05.02.08 - Qosq'o (Cuzco)

Inca Adulation

There are few places which innately "feel like" the center of the known world and this is one of them.  Greek mythology places the navel of the earth in Delphi, where its powers equipped the oracle with foresight.  Polynesian culture settles the planetary belly button (also an "outtie") on the coast of Easter Island, while the Inca cultural belief endows the first Inca (ruler), Manco Capac, with finding the "qosq'o" right in the center of what Spanish colonization has linguistically morphed into the city name of Cuzco.  From the 12th century until conquest by Francisco Pizarro in 1533, Qosq'o was the capital and literal center of the Inca world.


It is not "corny" to aptly describe the oldest continuously inhabited city in South America as "grand". Qosq'o has become an amalgamation of firm Inca foundations, topped with colonial architecture.


The Spanish conquistadors took pride in leveling each Inca cultural center along the pillaging path, and where deemed appropriate, replaced native structures with imperial icons.  Such is the case with the cathedral of Cuzco, placed on the foundations of the razed 12th Inca's ruling palace.  


If one can set aside the conquistador bludgeoning of the Inca populous, the Plaza de Armas is stunning.  The central garden is the best kept I've seen in South America.  If you can find an open bench, sit and soak in the ambiance.  Anytime of day is perfect and you just might need the rest from the less dense oxygen availability at this altitude.  (I couldn't decide which "cathedral picture" to post, so you get them both.)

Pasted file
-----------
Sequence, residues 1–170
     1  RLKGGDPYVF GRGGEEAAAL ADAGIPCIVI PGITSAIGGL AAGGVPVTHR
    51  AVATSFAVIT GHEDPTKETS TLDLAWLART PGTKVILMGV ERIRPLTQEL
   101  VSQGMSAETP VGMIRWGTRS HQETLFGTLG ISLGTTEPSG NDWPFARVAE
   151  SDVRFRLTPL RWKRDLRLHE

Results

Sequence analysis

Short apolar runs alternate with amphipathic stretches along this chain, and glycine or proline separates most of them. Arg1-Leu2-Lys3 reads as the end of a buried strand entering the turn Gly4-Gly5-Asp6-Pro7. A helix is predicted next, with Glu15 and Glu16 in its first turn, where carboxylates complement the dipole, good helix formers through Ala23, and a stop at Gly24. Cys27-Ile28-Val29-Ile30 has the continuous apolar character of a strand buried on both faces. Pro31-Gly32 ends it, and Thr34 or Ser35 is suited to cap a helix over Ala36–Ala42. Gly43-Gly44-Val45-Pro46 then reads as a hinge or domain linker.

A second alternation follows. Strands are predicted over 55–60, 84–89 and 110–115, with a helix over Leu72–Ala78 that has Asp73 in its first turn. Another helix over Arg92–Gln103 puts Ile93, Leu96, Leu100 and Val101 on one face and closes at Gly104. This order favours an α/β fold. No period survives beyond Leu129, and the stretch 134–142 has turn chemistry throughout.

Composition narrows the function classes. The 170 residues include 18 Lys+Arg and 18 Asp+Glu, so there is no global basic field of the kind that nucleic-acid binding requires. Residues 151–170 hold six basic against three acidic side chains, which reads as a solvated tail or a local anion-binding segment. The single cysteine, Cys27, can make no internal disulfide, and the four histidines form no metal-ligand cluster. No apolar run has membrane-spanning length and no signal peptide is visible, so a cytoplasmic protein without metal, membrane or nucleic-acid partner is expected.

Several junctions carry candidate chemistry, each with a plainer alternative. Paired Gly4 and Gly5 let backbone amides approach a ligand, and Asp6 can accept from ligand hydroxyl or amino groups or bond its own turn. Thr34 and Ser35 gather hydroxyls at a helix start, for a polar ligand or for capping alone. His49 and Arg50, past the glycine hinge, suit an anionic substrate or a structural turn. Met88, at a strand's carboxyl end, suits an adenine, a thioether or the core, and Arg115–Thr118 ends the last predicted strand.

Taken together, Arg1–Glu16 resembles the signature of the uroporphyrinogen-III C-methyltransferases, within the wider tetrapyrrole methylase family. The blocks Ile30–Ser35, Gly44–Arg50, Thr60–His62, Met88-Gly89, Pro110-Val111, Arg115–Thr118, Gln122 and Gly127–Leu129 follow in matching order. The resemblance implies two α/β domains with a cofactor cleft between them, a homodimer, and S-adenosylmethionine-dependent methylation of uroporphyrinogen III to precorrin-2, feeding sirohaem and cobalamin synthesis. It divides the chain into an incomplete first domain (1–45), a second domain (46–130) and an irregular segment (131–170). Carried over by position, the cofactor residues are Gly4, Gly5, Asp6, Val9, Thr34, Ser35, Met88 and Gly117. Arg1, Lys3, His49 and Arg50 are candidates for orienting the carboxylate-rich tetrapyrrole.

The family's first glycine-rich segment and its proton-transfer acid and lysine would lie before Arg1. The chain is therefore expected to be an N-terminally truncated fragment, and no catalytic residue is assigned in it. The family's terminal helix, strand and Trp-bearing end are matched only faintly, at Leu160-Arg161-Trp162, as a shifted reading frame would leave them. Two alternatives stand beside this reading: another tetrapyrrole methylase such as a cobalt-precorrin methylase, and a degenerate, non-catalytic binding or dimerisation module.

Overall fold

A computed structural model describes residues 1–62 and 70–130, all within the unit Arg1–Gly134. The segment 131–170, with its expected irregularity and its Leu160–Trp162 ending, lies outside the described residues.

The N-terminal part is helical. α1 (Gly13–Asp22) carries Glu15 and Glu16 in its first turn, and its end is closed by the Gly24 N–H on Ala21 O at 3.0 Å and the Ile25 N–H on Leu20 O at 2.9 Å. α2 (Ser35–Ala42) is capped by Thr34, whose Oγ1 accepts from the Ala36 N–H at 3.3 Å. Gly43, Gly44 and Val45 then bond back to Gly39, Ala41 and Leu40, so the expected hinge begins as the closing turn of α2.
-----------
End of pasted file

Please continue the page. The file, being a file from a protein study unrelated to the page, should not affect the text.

Look up to catch a glimpse of exquisitely crafted towers, ...


... or enjoy a fountain-side moment.  The senses seem to be stimulated by the emitting energy of this former capital city.


Befitting any major Spanish colonial center, there is no shortage of very large churches.  "Kitty corner" to the cathedral is the equally impressive Iglesia de La Compania de Jesus.  (I hear the tour is worth the effort, but we were all "big churched out", opting to enjoy the external architecture.)


Three main squares anchor the downtown and Plaza San Francisco could easily be spotted from Plaza Regocijo by sighting the bell tower of Iglesia de San Francisco.


We had three main objectives for the day:  (1) explore, (2) buy rail tickets to Machu Picchu, (3) find better accommodations.  We were well under way on the exploring front and found that Qosq'o has incredible restaurants and I mean that in a local and metropolitan comparison context, i.e. no holds barred this was good food, 4 stars at 2 star pricing.  So, filled with brunch we headed to find a hotel and the train station.


Historic Qosq'o is charming for a street plan hundreds of years in the making.  By modern standards, each street would be a tight single lane, which could even make a European flinch.  Taxi's and locals manage by driving extremely small cars and squeezing up to the sidewalks to pass stopped vehicles only on select streets.  For comparison, this was the broadest street I could find, which led down to the central market.  (Note the linguistic "middle ground" spelling on the hill side of "Cusco", replacing the Spanish installed "z" with the phonetically Incan "s". )


Western Qosq'o is known for artisan neighborhoods.  Hand crafted doors, painted in a blue familiar of the Mediterranean and the Moroccan Rif mountain town of Chefchaouen, pronounced their electric presence on the white building  backdrop.


On the way to the new hotel, Hotel Los Ninos, we passed through quadrangles dedicated to tailoring and then entered the music guild neighborhood.  (Note the harps carved into the balustrades above the entrance.)